Other Courtroom Components

Other courtroom components necessary for the efficient completion of a trial or hearing, depending upon the type of trial or hearing include:

Sound Lock/Entrance Vestibule

A courtroom entrance or vestibule serves as a transition between the courtroom and the public circulation areas. It also blocks noise from the adjacent corridor. Typically, the vestibule consists of two sets of doors. Glass panels should be placed in both sets of doors to allow viewing of the proceedings. The distance between the doors should be regulated by applicable codes, but generally eight-to-ten feet are recommended. The vestibule should permit easy passage of a wheelchair. The vestibule entry may also include space for a coat closet and umbrella stand. Attorney/client conference rooms may also open off the vestibule. The public entrance to the courtroom should be lockable to provide security when the court is not in session.

Special Counsel Station

Special counsel may be present in the courtroom, particularly in juvenile and domestic cases. Social workers, probation officers, and guardians ad litem participate as witnesses or to protect the interests of other participants during trials. A temporary station near the attorney tables may be appropriate. In probation hearings, the setting may be informal, and probation officers can be seated at one of the attorney tables.

Evidence Display and Storage

After exhibits are introduced into evidence and marked by the court clerk or court reporter, they should be displayed on a shelf or table in full view of the court. Hazardous exhibits, such as firearms and other objects that could be used as weapons, drugs, and toxic substances should be placed away from the witness, jury box, and defendant's table. Usually, the clerk station or an adjacent bailiff's or court officer's station is the most suitable location.

Each courtroom should have an inconspicuous evidence storage locker or closet where items may be secured by the clerk during recesses. The storage area should be located out of any traffic patterns and should accommodate a variety of documents on shelves, in their proper order, and equipped with several small compartments to safeguard weapons or drugs.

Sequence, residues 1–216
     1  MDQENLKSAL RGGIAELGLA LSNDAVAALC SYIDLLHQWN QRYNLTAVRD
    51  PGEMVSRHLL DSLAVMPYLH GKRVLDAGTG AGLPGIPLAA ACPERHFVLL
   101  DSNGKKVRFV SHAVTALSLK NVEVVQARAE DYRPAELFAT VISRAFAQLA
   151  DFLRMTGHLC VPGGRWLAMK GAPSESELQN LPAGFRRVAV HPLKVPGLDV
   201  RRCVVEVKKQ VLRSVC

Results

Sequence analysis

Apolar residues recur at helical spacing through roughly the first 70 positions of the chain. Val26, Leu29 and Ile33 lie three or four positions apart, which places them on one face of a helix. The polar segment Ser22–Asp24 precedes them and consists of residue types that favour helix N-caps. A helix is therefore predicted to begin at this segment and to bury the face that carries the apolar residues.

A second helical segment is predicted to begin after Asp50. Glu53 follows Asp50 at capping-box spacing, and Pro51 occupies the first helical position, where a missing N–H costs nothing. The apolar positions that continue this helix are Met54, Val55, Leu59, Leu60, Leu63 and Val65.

A wall clock should be provided.

Storage Area

Approximately 40 square feet should be provided for storing such items as projectors, television monitors, chart boards, easel pads, tripods, chalk and markers, cleaning cloths, pins and tape, and pointers.

Press Accommodations

With the exception of a few types of hearings, the press has the right to report on trial events. Some trial courtrooms may be designed with special facilities for the press, such as a specified location in the spectator area or a dedicated area at the rear or side of the courtroom. In some jurisdictions, the press occupies a room adjacent to the courtroom with a one-way glass for viewing and taping the proceedings. The presence of the press should not disrupt the dignified and decorous atmosphere of the court.

Defendant or Prisoner Seating

In general cases, the defendant sits with the defense attorney at the counsel table. In cases that do not require an attorney, such as traffic violations and misdemeanors, defendants often are seated together at the edge of the litigation area waiting to be called to appear before the judge. Seating should be near the bench with clear sight lines between the bench and witness stand. A sturdy armchair or bench should be provided with sufficient weight so that it cannot easily be used as a weapon.

Cashier's Station

In some courtrooms, particularly those involving misdemeanors, traffic, and parking violations, defendants either pay their fine or make arrangements to have the fine paid before being released. A secured cashier window, located outside the courtroom and accessed directly from the courtroom, aids in fine collection and reduces the need for an escort to the clerk's office. However, if the cashier's window is adjacent to the courtroom and litigation area, consideration should be given to the noise of conversations regarding payment arrangements, which may disturb court proceedings. Space will be required for computer terminal and printer, case files, and a cashier drawer, and in busy courts two windows may be required.

There should be limited access to the cashier station. The cashier should be seated behind a secured window with a telephone or intercom and connected to the security office with an alarm button. Electrical receptacles and cable conduits for a computer terminal, silent keyboard, and low-noise printer are also required.